Even without knowing much about the rail line, it’s easy to seem why the rail line’s ridership characterize their lives as “excellent” and “ideal.” They have cheap and easy access to sports stadiums, an entertainment district, an international airport, and the Mall of America. All that’s enough, it seems, to keep people smiling.

Thursday, September 11, 2014

Wednesday, September 10, 2014

A skateboarding spectacle

from Vimeo's staff blog:

Cy Kuckenbaker makes documentary videos that seem downright impossible. His latest, created in collaboration with Vimeo (that's us!) and a company you may have heard of called Microsoft, takes skateboarding as its subject matter.

The scene is familiar: there's sun, concrete, and California vibes. But the uncanny choreography of grinds, airs, and flips will have you questioning the signals that your eyes send to your brain.

As you may have suspected, Cy didn't use magic to create these incredibly intertwined moving images. Rather he employed a time-collapse filmmaking technique that requires careful camerawork, painstaking editing, and pure patience to pull off convincingly. And for this video, he shot all the footage on a Nokia Lumia 930 smartphone, which makes the result all the more impressive.

Learn how Cy made this skateboarding spectacle and see what drives him to create in this behind-the-scenes video:

Tuesday, September 9, 2014

Deep math of the folded pizza slice

from Boing Boing:

Why does a flat pizza slice flop over unless you bend it into a curve? Thank Gaussian curvature, the 19th century mathematical principle that underpins everything from corrugated cardboard to eggshells to Pringles chips.

Wired's Aatish Bhatia uses the pizza-slice as a jumping-off point to explain one of the most elegant and fascinating parts of geometry, and once you read his work, you'll never be able to look at a curved surface again:
Well, the pizza slice was flat before you picked it up (in math speak, it has zero Gaussian curvature). Gauss’s remarkable theorem assures us that one direction of the slice must always remain flat — no matter how you bend it, the pizza must retain a trace of its original flatness. When the slice flops over, the flat direction (shown in red below) is pointed sideways, which isn’t helpful for eating it. But by folding the pizza slice sideways, you’re forcing it to become flat in the other direction – the one that points towards your mouth. Theorema egregium, indeed.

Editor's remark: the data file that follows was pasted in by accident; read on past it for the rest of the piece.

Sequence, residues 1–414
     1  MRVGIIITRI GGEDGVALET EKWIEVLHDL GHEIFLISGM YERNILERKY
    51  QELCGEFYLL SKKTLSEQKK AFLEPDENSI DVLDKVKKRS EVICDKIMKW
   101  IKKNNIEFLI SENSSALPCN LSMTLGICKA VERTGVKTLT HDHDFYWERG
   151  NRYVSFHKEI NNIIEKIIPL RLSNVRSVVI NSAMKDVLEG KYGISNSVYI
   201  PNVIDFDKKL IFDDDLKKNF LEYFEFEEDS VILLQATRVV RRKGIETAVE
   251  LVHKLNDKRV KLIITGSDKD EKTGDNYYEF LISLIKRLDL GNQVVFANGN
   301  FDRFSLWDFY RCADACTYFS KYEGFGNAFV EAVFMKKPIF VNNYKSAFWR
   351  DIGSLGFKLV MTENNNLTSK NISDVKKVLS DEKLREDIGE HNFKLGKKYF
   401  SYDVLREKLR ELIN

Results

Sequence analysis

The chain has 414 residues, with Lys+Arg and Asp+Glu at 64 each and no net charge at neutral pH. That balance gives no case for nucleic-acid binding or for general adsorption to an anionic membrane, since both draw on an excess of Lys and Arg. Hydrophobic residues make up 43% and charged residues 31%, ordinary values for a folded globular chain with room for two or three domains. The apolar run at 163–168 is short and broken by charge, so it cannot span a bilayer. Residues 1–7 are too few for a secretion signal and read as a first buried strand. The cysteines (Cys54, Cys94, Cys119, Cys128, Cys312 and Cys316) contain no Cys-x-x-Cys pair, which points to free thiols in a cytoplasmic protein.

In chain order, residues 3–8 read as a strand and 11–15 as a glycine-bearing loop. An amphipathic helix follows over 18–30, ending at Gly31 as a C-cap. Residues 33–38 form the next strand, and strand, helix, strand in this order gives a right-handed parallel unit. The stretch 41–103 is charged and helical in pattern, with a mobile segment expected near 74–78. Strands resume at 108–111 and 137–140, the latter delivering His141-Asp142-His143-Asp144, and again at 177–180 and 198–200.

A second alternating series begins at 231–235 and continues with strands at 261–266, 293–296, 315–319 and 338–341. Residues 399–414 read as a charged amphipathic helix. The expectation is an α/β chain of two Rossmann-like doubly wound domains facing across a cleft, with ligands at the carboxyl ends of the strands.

By curving a sheet in one direction, you force it to become stiff in the other direction. Once you recognize this idea, you start seeing it everywhere. Look closely at a blade of grass. It’s often folded along its central vein, which adds stiffness and prevents it from flopping over. Engineers frequently use curvature to add strength to structures. In the Zarzuela race track in Madrid, the Spanish structural engineer Eduardo Torroja designed an innovative concrete roof that stretches out from the stadium, covering a large area while remaining just a few inches thick. It’s the pizza trick in disguise.
How a 19th Century Math Genius Taught Us the Best Way to Hold a Pizza Slice [Aatish Bhatia/Wired]

Monday, September 8, 2014

The Pale Blue Dot


Sunday, September 7, 2014

10 Reasons to Hate Capitalism

from Dangerous Minds


10. Capitalist corporations suffer from a personality disorder characterized by enduring antisocial behavior, diminished empathy and remorse, and are rewarded by shareholders for acting that way. If corporations could be sent to a criminal psychologist’s office they’d be diagnosed as psychopaths and locked away forever.



9. Capitalism encourages greed. But greed is only good for capitalists. For normal people it is anti-social and soul destroying, not to mention very bad for our communities, which rely on altruism, compassion and a generalized concern for others.



8. Capitalism is a system of minority privilege and class rule based on the private ownership of means of livelihood. This gives a few rich people the power to buy and sell jobs, which means they can build or destroy entire communities that depend on those jobs.



7. Capitalists praise freedom and individualism, but they destroy freedom and individualism for everyone but themselves. The vast majority of us who work for a living are daily asked to uncritically follow orders, to act as if we are machines, and limit our creativity to what profits our bosses.



6. Capitalists denigrate cooperation and collectivism, but create mass production processes that rely on both from workers. Their system requires us to be cogs in a giant profit-making machine, but because they fear the power this gives us we are told working together for our own interests is illegitimate and bad. Thus capitalists undermine unions and other organizations that encourage workers to cooperate with each other and act collectively.



5. Capitalism requires the largest propaganda system the world has ever known to convince us it is the only system possible. It turns people into consumers through advertising, marketing, entertainment and even so-called news. Millions around the world are employed to use their creativity to twist our feelings of love, desire, human solidarity and fairness into tools of manipulation, so that ever more profits can flow into the hands of a tiny minority.